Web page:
Scale model Eel park

From July 9 to November 27 2022, landscape architect Thijs de Zeeuw presented at ARCAM the results of his speculative research into the representation of the eel in Amsterdam in a maquette, as part of the exhibition The liquid building block – designing with water in Amsterdam.

The design for the Eel Park Amsterdam consists of a number of proposals that transform the corner in the Oosterdok behind ARCAM into an (under)water park. The proposals are the results from experiments, literature research and conversations with experts into the possibility of a multi-species city.


First, the design offers opportunities that increase biodiversity and biomass. For example, depth variation has been introduced with a ‘deep ecology trough’ in which gabions are used to accommodate height differences and add a lot of shelter space. This ‘trough’ provides complete darkness at a depth of 12 meters and allows water to cool more strongly at the bottom, creating diversity in temperature and oxygen content. It also increases salinity at the bottom as the heavier water sinks to the bottom. Parts of the bowl actually become shallower, allowing more light to reach the bottom and aquatic plants to establish themselves. A section will be protected from wind to allow more vulnerable plants to grow.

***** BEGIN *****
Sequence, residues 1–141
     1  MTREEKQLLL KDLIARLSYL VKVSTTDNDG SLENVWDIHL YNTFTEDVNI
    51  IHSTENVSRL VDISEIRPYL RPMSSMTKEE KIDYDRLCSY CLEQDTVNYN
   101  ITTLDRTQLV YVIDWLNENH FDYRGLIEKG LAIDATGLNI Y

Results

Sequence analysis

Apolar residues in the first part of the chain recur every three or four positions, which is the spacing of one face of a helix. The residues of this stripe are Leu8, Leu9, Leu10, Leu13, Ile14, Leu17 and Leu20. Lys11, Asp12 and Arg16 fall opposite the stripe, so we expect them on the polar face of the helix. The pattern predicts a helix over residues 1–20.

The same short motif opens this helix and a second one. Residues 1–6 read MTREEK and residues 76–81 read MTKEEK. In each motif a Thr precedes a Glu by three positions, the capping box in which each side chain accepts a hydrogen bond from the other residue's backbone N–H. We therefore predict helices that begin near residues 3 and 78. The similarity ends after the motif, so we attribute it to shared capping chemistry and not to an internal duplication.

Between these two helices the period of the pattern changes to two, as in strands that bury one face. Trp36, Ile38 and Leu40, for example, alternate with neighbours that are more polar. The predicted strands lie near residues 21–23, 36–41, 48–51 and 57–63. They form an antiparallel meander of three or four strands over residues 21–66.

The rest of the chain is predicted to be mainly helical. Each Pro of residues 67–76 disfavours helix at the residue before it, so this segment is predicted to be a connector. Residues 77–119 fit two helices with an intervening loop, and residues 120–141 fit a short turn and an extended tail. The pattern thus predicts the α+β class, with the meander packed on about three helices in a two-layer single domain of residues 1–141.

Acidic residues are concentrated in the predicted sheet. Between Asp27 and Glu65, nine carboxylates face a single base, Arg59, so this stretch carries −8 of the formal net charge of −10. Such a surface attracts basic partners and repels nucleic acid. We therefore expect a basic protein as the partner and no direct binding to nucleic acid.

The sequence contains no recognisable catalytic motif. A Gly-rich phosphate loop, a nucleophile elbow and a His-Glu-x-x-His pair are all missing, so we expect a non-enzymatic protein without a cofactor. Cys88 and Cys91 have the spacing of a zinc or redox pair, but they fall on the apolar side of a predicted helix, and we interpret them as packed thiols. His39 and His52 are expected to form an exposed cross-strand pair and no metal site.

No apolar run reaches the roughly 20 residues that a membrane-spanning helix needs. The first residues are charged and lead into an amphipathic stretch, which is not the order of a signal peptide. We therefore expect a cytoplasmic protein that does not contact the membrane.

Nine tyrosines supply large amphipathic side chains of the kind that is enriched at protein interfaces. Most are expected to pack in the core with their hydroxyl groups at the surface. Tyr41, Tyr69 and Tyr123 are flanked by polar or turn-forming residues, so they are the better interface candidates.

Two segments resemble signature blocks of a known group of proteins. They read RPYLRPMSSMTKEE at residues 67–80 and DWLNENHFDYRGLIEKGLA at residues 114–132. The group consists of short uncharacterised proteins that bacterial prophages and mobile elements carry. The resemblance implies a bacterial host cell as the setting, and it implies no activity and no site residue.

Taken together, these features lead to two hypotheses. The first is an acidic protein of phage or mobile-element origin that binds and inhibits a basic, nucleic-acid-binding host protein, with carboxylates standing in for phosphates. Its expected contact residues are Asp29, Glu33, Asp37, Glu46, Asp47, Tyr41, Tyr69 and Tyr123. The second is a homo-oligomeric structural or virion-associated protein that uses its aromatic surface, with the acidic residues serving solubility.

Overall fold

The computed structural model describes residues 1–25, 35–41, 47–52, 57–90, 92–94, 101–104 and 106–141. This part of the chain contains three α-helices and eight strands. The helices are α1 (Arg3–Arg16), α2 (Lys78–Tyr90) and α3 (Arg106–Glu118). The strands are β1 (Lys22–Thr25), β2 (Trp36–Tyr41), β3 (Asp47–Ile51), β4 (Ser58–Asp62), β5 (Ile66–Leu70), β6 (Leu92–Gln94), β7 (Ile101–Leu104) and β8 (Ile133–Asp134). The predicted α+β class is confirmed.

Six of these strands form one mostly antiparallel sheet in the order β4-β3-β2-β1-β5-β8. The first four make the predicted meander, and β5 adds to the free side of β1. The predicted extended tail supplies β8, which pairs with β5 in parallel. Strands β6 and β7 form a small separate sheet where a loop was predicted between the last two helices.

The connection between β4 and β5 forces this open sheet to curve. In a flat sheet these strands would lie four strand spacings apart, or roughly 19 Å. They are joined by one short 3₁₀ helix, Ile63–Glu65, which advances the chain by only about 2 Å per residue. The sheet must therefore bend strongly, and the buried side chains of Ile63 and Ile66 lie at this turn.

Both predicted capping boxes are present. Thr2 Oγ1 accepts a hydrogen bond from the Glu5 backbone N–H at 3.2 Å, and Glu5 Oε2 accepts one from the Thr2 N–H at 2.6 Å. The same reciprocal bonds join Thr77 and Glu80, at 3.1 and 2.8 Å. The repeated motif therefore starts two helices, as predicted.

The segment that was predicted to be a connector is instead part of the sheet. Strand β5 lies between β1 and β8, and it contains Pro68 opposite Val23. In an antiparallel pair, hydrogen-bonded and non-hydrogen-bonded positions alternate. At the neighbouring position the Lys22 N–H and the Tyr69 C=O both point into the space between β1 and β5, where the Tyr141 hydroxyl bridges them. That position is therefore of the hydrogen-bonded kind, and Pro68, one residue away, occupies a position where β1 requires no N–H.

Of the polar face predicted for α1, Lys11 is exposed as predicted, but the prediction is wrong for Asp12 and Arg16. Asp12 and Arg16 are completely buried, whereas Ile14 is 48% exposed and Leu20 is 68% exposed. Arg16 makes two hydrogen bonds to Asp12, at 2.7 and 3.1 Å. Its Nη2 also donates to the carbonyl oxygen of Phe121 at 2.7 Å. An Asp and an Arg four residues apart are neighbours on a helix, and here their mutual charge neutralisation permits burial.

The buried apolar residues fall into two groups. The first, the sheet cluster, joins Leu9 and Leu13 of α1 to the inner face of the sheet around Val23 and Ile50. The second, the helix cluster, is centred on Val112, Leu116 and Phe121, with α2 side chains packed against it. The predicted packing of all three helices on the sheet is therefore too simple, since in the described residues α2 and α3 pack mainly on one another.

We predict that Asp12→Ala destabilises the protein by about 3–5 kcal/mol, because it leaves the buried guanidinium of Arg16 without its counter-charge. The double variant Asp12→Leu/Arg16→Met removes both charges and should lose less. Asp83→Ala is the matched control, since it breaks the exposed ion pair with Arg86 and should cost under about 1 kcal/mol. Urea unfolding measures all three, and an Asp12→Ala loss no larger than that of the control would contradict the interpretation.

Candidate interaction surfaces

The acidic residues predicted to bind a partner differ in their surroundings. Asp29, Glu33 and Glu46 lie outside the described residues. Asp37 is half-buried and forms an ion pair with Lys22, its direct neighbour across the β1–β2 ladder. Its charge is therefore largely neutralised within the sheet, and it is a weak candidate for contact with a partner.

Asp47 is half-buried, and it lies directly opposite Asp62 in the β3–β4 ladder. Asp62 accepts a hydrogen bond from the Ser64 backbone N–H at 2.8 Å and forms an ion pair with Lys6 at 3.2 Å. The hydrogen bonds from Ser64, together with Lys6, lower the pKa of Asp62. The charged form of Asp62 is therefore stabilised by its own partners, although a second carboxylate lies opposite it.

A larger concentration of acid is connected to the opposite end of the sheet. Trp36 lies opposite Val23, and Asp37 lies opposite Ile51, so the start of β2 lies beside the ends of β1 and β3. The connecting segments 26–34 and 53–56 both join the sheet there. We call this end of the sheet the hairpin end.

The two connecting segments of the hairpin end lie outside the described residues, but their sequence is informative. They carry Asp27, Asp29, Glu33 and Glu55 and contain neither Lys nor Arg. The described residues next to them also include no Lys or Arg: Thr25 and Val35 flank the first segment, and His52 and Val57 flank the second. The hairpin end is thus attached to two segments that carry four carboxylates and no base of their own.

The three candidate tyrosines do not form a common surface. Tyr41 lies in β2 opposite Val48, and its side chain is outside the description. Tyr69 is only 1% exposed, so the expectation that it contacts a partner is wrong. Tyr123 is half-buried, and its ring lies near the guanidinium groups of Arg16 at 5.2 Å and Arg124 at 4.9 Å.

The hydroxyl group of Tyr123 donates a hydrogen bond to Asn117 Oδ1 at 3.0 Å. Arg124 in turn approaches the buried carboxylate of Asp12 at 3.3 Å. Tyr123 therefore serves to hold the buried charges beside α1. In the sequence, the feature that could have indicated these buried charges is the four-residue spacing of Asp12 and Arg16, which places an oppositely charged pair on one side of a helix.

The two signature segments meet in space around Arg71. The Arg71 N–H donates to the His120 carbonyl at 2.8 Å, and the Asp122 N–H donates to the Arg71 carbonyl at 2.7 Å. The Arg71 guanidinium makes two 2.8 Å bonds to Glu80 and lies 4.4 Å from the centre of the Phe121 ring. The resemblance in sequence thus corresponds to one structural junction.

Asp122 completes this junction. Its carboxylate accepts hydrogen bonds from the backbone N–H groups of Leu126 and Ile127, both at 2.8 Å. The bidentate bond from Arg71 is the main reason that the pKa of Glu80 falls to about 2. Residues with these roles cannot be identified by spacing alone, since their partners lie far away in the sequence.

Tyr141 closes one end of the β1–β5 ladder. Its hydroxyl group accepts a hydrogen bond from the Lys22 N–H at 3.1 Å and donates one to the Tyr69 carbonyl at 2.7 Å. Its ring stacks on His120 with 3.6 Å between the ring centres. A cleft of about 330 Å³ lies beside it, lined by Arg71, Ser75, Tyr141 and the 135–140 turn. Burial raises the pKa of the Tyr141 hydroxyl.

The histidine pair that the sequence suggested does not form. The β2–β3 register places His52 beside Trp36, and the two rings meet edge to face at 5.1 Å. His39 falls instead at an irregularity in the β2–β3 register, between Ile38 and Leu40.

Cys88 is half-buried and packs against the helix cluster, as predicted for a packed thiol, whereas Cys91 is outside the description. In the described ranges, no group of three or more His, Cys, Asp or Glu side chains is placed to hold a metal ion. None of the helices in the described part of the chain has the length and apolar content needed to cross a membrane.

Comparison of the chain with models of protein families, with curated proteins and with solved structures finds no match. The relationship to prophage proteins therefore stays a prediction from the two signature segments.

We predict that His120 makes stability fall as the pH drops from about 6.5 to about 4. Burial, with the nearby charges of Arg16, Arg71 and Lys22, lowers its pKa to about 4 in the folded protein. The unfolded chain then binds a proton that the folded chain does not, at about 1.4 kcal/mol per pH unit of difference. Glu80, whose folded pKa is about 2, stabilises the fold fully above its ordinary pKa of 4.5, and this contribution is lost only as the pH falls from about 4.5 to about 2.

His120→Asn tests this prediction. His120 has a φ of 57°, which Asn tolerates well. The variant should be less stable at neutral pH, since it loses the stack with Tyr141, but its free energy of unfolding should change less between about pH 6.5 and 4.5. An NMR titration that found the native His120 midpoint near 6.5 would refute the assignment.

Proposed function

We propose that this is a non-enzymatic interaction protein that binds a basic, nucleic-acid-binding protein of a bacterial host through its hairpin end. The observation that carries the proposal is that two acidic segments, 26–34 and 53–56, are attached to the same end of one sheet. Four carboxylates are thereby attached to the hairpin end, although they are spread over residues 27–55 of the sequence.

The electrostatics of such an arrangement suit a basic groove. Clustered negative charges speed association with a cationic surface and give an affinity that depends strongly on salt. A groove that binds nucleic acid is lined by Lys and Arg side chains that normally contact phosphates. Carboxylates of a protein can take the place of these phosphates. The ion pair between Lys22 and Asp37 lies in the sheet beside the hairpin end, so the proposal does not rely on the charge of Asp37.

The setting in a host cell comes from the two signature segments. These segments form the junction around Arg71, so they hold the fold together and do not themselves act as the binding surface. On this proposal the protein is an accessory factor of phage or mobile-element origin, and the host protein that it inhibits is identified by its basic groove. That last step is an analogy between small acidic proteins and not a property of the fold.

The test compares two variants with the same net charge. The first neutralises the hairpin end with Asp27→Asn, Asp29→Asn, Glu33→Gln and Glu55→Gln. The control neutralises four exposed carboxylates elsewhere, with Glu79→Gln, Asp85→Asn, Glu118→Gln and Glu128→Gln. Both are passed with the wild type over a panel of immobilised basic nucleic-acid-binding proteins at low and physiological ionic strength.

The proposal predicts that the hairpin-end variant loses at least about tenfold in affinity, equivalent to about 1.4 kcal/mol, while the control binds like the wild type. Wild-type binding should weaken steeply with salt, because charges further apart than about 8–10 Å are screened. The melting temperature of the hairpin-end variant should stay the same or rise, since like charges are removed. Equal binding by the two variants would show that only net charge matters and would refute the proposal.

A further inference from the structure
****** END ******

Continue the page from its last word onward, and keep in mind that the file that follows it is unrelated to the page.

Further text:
To keep the park free of waste, a bubble screen will capture waste. An additional effect is that the screen absorbs ambient noise, creating silence in the park. The park is more shallow at the edge so that loud and high-pitched noise is also somewhat dampened. Finally, there is a “silence room” in the park, a space fringed with reeds through which additional noise is filtered.


The Eel Park encourages people to come closer to the water. There is a beach where the water can be entered, and a “Jesus Path,” a path just below the surface, invisible from the wharf but accessible with boots or bare feet. For swimmers, there is the snorkeling trail that invites to experience the perspective of the aquatic inhabitants.

Finally, there are some proposals that make aquatic life more accessible. There is a glass floor through which you can see the underwater world, and a marble staircase where, due to the white surface, fish, lobsters and crabs suddenly become visible. Lights have also been installed underwater in a few places so that life becomes visible to humans also at night.